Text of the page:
CAIRO, (AFP) - The Islamic State group claimed Wednesday to have beheaded a Croatian hostage abducted in Egypt, posting a purported picture of the victim's body on IS-affiliated Twitter accounts.
The Croat, Tomislav Salopek, was abducted last month west of the capital Cairo. The jihadists had issued a 48-hour deadline that ended last Friday threatening to kill him if Muslim women prisoners were not released from Egyptian jails.
The picture's authenticity could not be immediately verified.
His abduction and purported killing were unprecedented in Egypt, which is battling an IS insurgency in the eastern Sinai Peninsula.
State-run Croatian news agency HINA quoted a foreign ministry source as saying it "does not have confirmation that abducted Croatian citizen Tomislav Salopek has been killed."
The picture was posted on IS-affiliated Twitter accounts with the caption: "Execution of prisoner from Croatia -- which has participated in war on Islamic State -- after deadline ended."
Salopek, a 31-year-old father of two, had been working with French geoscience company CGG when abducted from a car roughly 22 kilometres (14 miles) west of Cairo, security sources told AFP.
The abduction has rattled foreigners working for multinational companies and underscored the jihadists' reach despite a massive military campaign against IS.
Egypt had said it was intensifying efforts to locate Salopek after IS released a video of the hostage last Wednesday.
Went to Egypt for work
In the video, Salopek, kneeling next to a masked militant holding a knife, was forced to read a statement saying his captors would execute him in 48 hours if Cairo failed to release female prisoners, a key demand of Islamist militants over the past two years.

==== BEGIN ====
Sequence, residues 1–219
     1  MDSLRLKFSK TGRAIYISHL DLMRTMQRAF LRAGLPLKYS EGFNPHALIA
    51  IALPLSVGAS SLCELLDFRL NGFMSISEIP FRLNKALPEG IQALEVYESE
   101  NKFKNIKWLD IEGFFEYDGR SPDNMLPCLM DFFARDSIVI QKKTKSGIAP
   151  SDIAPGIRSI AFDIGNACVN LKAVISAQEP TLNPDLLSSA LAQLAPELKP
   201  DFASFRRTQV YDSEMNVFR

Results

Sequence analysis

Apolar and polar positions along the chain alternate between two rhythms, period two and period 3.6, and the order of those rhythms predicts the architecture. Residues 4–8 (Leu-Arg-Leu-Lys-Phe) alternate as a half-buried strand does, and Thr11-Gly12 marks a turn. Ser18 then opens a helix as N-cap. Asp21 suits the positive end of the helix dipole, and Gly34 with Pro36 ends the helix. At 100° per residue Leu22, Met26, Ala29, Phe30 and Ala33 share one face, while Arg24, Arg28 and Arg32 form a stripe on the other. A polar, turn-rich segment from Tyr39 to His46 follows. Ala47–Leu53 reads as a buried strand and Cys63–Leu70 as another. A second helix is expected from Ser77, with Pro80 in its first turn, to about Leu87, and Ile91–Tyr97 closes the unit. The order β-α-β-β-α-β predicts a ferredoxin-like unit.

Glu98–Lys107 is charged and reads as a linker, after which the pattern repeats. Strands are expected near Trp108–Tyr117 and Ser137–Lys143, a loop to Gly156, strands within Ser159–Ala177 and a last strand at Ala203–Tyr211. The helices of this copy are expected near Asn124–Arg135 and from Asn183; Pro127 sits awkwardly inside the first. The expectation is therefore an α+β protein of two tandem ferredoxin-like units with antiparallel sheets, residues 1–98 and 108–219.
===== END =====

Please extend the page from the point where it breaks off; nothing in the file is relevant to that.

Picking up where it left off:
Salopek's abduction had been treated by police as a criminal kidnapping before the video emerged.
Although IS's Egyptian affiliate has killed hundreds of policemen and soldiers, the country had been spared the gruesome kidnappings and executions of foreigners conducted by IS in Iraq and Syria.
The group has in the past beheaded Bedouin in Sinai it accused of collaborating with the Egyptian army.
Salopek's father had appealed to the kidnappers to release him and Croatian Foreign Minister Vesna Pusic had travelled to Cairo for emergency talks.
In his hometown, neighbours had described Salopek as a friendly young man who went to Egypt to earn a living.
Egypt, led by President Abdel Fattah al-Sisi, had been at pains to persuade international investors and companies that the country was safe after two years of violence and militant attacks.
Sisi was the former army chief who overthrew Islamist president Mohamed Morsi in 2013, setting up a police crackdown on Morsi's followers that killed more than 1,000 protesters.
In Sinai, which borders Israel and the Palestinian Gaza Strip, militants have launched a brazen insurgency that appears unabated despite a sweeping army campaign.
But IS has managed to launch attacks outside Sinai only a few times.
The group claimed responsibility for a bombing last month targeting the Italian consulate in Cairo, in which a passerby was killed.
Last December, the group claimed responsibility for the murder an American who worked for petroleum company Apache, also west of Cairo.